Financial Institution Fraud

The bank fraud statute is potentially just as broad as the mail and wire fraud statutes, but for some reason, plaintiffs often fail to include bank fraud as a predicate act in a RICO claim. The bank fraud statute states:

Whoever knowingly executes, or attempts to execute, a scheme or artifice:

  1. to defraud a financial institution, or
  2. to obtain any of the moneys, funds, credits, assets, securities, or other property owned by, or under the custody or control of, a financial institution, by means of false or fraudulent pretenses, representations, or promises shall be fined not more than $1,000,000 or imprisoned for not more than 30 years, or both.

18 U.S.C. § 1344 (emphasis added). Bank fraud is probably not a common predicate act because people read the first subsection and believe the fraud must be against a financial institution and fail to read the second subsection’s language concerning funds “under the custody or control of” a bank. Under § 1344(2), bank fraud potentially arises even if the victim is not a bank and even if the bank did not lose any of its own property pursuant to a scheme to defraud. Bank fraud arguably occurs whenever a scheme to defraud enables the perpetrator to obtain any funds “under the custody or control of” a bank. Thus, if a scheme to defraud results in elderly victims mailing checks to the perpetrator, which are then cashed and the proceeds pocketed by the perpetrator, the perpetrator has arguably engaged in bank fraud. If a scheme to defraud results in “sweepstakes winners” departing with their credit card numbers, which are then used by the perpetrator to acquire goods and services for himself, the perpetrator has arguably engaged in bank fraud. In short, the bank fraud statute is arguably violated whenever a scheme to defraud results in the victim authorizing a bank to release funds to the perpetrator. Bank fraud is a predicate act that should not be overlooked.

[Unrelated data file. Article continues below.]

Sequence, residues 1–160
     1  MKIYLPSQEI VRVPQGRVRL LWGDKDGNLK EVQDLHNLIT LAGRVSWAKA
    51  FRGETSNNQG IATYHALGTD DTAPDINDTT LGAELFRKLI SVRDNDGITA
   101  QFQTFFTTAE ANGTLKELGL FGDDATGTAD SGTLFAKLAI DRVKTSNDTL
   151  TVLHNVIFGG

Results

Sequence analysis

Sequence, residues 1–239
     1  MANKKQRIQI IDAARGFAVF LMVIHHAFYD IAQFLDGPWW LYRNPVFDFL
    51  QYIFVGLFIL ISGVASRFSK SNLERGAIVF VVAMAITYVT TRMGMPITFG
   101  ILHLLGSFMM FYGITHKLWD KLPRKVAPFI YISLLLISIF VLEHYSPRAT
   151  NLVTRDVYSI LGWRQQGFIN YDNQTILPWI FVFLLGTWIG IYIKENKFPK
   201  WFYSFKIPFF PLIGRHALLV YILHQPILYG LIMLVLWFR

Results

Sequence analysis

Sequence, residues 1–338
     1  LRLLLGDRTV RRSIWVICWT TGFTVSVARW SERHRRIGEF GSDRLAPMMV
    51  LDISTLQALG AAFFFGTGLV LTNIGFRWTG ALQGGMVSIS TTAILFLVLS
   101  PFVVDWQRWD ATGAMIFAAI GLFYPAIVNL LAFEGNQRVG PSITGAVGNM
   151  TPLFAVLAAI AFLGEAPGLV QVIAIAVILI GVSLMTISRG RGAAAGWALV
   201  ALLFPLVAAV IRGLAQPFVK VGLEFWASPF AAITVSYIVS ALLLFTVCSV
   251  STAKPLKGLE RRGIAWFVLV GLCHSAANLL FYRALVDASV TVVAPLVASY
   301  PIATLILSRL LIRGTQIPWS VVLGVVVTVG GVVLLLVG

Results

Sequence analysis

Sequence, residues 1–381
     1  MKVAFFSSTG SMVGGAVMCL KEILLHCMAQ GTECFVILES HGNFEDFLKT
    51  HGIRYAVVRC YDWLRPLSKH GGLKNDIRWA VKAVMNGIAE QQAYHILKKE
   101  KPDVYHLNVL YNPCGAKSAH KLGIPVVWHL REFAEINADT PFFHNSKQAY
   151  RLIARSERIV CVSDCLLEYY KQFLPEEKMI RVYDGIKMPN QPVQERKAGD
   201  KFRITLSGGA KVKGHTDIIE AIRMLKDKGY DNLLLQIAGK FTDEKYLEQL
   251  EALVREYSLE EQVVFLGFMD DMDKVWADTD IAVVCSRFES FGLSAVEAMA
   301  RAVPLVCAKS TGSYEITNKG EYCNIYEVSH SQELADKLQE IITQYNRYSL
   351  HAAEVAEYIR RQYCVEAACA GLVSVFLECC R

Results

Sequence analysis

An allegation of bank fraud should also be considered whenever the defendant has forged checks or endorsements on checks.

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